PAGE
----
Wood blocks that spell RISK next to toy forklift carrying a roll of $100 bills.

Risk management, cash flow planning for agricultural businesses

Wyoming Small Business Development Center (SBDC) Network advisers work with many business clients with cash flow and other financial management processes.

While that can be foreign to many folks, especially new businesses, agricultural businesses tend to be good at understanding the seasonal nature of their cash flows and the challenges that timing of revenue and expenses can create. That dynamic has been even more unpredictable given the current COVID-19 pandemic.

Closures of some meat packing plants and other market factors has led many to wonder, “What can I do to potentially reduce my risk?”

Livestock producers and row crop farmers often account for the timing difference between income and expenses by using a line of credit from a lender. The idea being to borrow money on the line to pay expenses when they are due, then pay the loan back when they sell livestock or a crop, hopefully with enough extra for some profit.

Analyze, cut unnecessary risks

While paying attention to operating expenses is always a good idea, now is an especially important time to analyze everything and see if you can cut some of those unnecessary items. You might source a less expensive option or postpone a planned purchase for another time. The bottom line is business owners must know their cost structure, and every operation is different!

As they say, cash is king, something even more important in times of greater uncertainty.

If you are a small ag business looking for ways to manage your cash flow challenges, this may be a good time to look into using options or futures to hedge your risks for marketing cattle. If prices happen to go up in the near future and your business purchases a favorable position, you will be sitting good if prices take a tumble with economic uncertainty late in the year or going into the next year; however, I would encourage you to work with a professional if you are not familiar with this form of investing or risk management.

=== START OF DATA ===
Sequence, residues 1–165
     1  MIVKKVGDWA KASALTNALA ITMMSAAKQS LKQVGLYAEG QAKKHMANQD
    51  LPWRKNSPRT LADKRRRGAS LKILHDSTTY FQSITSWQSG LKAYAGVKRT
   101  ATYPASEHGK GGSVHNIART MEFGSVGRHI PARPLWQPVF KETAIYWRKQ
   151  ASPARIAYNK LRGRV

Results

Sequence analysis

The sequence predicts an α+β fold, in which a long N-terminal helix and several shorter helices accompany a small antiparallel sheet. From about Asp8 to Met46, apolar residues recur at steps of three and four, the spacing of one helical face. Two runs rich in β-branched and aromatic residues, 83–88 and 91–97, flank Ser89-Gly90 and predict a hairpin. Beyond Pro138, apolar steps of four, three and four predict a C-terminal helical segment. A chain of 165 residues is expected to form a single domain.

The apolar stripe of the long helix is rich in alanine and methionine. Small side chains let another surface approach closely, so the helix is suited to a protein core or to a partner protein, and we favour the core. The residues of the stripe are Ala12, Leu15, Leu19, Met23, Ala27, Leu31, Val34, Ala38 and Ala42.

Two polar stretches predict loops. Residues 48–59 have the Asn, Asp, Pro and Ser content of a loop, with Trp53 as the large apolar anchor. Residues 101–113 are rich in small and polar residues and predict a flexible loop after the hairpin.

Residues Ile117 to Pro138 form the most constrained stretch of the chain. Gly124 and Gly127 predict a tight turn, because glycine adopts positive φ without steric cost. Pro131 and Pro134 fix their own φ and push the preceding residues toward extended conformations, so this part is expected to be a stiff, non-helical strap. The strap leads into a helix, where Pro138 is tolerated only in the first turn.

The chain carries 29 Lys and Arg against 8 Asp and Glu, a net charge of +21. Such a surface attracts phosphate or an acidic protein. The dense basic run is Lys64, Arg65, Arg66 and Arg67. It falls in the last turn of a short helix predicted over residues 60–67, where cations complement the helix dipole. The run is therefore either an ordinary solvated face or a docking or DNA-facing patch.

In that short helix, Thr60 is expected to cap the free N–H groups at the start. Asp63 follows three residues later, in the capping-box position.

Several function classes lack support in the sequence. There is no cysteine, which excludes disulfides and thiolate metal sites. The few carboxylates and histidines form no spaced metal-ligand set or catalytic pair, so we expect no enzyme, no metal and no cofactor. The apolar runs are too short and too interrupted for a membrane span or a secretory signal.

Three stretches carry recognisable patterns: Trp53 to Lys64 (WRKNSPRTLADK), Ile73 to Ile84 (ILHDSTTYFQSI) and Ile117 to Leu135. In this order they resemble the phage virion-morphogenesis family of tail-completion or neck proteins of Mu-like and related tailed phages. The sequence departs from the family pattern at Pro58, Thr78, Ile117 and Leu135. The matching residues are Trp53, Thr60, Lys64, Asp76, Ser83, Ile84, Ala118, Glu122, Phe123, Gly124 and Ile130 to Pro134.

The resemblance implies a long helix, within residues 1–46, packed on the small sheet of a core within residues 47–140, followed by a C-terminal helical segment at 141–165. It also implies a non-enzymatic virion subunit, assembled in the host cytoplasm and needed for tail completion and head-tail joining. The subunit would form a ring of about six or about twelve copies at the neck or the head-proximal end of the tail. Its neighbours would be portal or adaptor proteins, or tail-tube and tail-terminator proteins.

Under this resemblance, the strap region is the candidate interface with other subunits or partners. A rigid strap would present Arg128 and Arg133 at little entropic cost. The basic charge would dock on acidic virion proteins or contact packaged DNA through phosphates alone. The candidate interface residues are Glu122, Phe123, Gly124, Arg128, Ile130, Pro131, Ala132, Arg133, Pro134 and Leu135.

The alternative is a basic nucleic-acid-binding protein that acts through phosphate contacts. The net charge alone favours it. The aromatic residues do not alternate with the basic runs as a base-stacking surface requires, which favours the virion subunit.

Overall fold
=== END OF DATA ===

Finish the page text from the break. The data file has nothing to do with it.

Consider marketing options

Planning now to make sale dates for calves flexible is another consideration. If fall calf prices are low, perhaps having a plan to keep them longer makes sense. Marketing is going to be extremely important, so watch closely. So much is influenced by the news these days, and we all have 24/7 access to breaking news such as the previously mentioned meat plant closures.

While we hope the worst of the closures is behind us, pay attention and be ready to act accordingly. Considering options ahead of time will likely be beneficial and allow movement more quickly.

Economic Injury Disaster Loans

The Small Business Administration’s Economic Injury Disaster Loan (EIDL) program is another opportunity for agricultural producers to consider. While EIDLs traditionally have not been available to ag producers, an exception was made for COVID-19. EIDLs are 30-year, 3.75 percent interest loans to help with working capital needs, and payments are deferred for one year. The online application can be found at www.sba.gov. Be advised that EIDL loans are still available, but the Small Business Administration cautions that funds may soon be depleted.

These loans are underwritten and funded directly by the SBA Office of Disaster Assistance, not through a local lender. Contact your local Wyoming SBDC Network adviser to assist you through this application process and answer any questions you may have about this program. Contact information is at www.wyomingsbdc.org.

The Wyoming SBDC is waiving registration fees for webinars and webinar recordings to help entrepreneurs during the COVID-19 pandemic. Information is at www.wyomingsbdc.org/training.

Bruce Morse is the Wyoming SBDC regional director for Big Horn, Hot Springs, Park, and Washakie counties. He can be reached at (307) 754-2139 or at bmorse1@uwyo.edu.

About the Wyoming SBDC Network

The Wyoming SBDC Network offers no-cost advising and technical assistance to help Wyoming entrepreneurs think about, launch, grow, reinvent, or exit their businesses. In 2019, the Wyoming SBDC Network:

Helped Wyoming entrepreneurs start 108 new businesses,

Created or saved 3,402 jobs, and

Brought a capital impact of more than $24 million to the state.

The Wyoming SBDC Network is hosted by the University of Wyoming with state funds from the Wyoming Business Council and is funded in part through a cooperative agreement with the U.S. Small Business Administration.

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